We often hear about the signs of domestic abuse as though these were specific behaviors and traits of individuals who get their way through overpowering their partner. These tell-tale signs are indicators that lead us to see a larger picture of the danger inherent in abusive relationships.
To me, the most glaring of these signs can be noted in confronting the actual abusive behavior itself. For example, take a look at Suzette and Robert. (As usual, Suzette could be Robert and Robert could be Suzette.)
Confronting an Abusive Behavior Pattern
They are in a relatively new relationship of less than a year. And with each passing month, more and more narcissistic abuse signs rear their ugly head.
Suzette reaches a point in which she will no longer take Robert’s abusive controlling damands. Without and before even giving the dynamics a name, she points out Robert’s behavior that she cannot and will not subject herself to in her relationship with him.
The red flag sign is in his reaction. Watch this…
Suzette sends Robert an email essentially saying the following. I do not feel safe in this relationship with you as it is now. The reason is because you force your agenda on me until you bend my will, even when doing so puts me in harm’s way.
Essentially, she is saying that he doesn’t allow her to say “no,” because it does not stop there. He will go on and on until he gets his way, irrespective of the consequences to his partner. And this refers to both the consequences of the “ask,” as well as the consequences of the “asking” process.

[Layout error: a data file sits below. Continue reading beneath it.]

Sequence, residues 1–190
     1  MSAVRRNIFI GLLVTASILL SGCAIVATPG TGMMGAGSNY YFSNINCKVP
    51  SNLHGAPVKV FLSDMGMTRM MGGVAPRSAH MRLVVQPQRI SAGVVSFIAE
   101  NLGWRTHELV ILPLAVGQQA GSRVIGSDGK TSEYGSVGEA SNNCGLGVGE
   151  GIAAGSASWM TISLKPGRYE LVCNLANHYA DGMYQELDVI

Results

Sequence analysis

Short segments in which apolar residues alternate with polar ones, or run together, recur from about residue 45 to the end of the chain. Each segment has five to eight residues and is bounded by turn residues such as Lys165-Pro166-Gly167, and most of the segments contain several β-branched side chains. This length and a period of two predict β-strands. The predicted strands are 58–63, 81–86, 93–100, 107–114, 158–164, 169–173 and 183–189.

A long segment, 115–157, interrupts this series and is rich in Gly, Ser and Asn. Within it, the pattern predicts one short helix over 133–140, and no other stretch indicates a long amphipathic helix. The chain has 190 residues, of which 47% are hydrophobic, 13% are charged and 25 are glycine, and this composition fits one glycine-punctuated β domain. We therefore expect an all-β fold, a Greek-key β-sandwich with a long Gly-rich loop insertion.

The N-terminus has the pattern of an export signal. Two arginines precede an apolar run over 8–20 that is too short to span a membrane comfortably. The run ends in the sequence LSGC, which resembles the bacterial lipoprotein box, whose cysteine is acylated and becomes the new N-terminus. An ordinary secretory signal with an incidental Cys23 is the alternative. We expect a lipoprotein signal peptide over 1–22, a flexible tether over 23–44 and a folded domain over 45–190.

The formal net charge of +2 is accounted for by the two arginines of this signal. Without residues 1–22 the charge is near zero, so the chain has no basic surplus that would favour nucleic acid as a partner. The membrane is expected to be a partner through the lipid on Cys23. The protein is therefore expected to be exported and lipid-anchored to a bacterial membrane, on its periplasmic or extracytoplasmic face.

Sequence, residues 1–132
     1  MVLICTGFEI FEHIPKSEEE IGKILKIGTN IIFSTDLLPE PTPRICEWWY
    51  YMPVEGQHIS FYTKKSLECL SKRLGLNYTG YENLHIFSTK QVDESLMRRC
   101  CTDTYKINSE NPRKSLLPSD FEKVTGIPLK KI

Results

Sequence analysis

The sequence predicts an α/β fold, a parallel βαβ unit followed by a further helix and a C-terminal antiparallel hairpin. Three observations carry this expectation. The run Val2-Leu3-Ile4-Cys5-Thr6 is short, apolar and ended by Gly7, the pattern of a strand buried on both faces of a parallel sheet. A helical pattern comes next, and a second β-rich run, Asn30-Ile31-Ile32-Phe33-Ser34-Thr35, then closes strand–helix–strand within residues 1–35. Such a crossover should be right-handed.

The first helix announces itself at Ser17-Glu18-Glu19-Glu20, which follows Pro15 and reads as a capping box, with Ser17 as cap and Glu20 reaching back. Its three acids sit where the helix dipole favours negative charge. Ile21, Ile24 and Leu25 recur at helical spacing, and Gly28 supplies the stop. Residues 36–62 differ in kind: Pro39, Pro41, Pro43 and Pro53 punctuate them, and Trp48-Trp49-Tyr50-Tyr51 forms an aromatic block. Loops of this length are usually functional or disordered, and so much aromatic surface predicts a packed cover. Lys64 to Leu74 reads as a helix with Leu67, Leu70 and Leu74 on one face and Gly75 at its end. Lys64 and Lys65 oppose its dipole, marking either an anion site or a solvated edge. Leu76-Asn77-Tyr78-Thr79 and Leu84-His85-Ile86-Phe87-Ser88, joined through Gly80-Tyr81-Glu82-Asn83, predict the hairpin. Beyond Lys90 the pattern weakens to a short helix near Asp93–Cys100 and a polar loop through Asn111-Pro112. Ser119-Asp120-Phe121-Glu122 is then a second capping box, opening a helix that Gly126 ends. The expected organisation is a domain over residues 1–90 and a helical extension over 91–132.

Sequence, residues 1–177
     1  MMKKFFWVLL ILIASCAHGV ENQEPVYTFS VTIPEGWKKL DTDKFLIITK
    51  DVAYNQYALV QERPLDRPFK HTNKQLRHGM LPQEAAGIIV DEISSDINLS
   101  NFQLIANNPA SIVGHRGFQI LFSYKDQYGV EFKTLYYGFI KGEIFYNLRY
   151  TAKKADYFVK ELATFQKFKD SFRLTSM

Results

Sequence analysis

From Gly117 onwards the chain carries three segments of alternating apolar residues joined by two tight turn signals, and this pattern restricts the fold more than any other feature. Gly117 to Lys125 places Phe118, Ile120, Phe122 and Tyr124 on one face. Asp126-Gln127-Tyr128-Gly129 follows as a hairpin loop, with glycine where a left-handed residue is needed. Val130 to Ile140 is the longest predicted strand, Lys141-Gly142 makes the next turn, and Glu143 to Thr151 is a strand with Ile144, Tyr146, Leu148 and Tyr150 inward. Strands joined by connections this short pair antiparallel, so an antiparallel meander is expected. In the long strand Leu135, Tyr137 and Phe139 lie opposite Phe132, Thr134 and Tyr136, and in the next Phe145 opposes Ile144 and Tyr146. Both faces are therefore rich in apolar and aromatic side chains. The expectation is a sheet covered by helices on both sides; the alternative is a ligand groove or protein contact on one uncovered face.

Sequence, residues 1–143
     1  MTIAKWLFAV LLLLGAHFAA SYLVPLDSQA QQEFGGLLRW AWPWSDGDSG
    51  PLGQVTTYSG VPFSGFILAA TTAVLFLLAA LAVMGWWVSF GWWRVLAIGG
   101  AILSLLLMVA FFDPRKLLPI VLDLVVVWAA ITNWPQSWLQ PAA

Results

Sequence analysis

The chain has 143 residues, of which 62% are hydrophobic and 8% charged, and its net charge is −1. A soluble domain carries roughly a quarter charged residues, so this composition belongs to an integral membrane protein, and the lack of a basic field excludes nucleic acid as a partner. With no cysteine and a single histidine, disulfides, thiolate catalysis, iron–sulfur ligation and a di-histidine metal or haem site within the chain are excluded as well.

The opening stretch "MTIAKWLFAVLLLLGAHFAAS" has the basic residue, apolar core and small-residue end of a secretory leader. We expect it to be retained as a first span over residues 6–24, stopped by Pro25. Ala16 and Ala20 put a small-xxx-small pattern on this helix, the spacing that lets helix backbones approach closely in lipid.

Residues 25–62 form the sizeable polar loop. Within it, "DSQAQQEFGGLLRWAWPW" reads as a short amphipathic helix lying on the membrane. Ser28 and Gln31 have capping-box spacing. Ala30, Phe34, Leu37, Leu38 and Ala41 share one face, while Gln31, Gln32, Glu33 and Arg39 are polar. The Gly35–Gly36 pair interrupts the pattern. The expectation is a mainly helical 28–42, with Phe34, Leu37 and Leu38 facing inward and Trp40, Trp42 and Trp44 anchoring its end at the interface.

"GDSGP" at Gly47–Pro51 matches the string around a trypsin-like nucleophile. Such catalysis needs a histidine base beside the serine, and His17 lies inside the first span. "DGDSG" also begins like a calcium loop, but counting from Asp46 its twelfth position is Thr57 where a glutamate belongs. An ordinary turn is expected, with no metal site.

The Flip, Saving Face and Lack of Accountability, All in One
In their next face-to-face encounter following this email, Robert declares that he—now—is the “victim” in their relationship. There is absolutely no sensitivity to the impact of his relentless pressure and coercive control so chronically employed to get his way.
Instead, he wants her to know that he is the endangered party. He is the vulnerable person, because his transgressions during the course of the relationship are now “threatening to him.” Eventually, he wants her to know that if she attempts to charge him with criminal activity that she could be counter sued for attempting to hold him accountable for a specific named transgression.
Is Robert’s reaction more about his unwillingness to be held accountable for his offensive and toxic behavior? Or, is he having a knee jerk response to potentially being exposed…to being seen as the opposite of what he must have others believe?
Saving face is the key element here. If assuming responsibility for specific behaviors and/or patterns of behavior places one at risk, then see their vulnerability for what it truly is. Their endangerment is more about losing their mask. Period.
If you recognize this ever so glaring sign of narcissistic abuse, understand the larger dynamics before they spiral out of control.
For more information on narcissistic abuse dynamics, visit http://www.preventabusiverelationships.com/narcissistic_abuse.php Dr. Jeanne King, Ph.D. helps people worldwide recognize, end and heal from domestic abuse.
©Dr Jeanne King — Domestic Violence Prevention and Intervention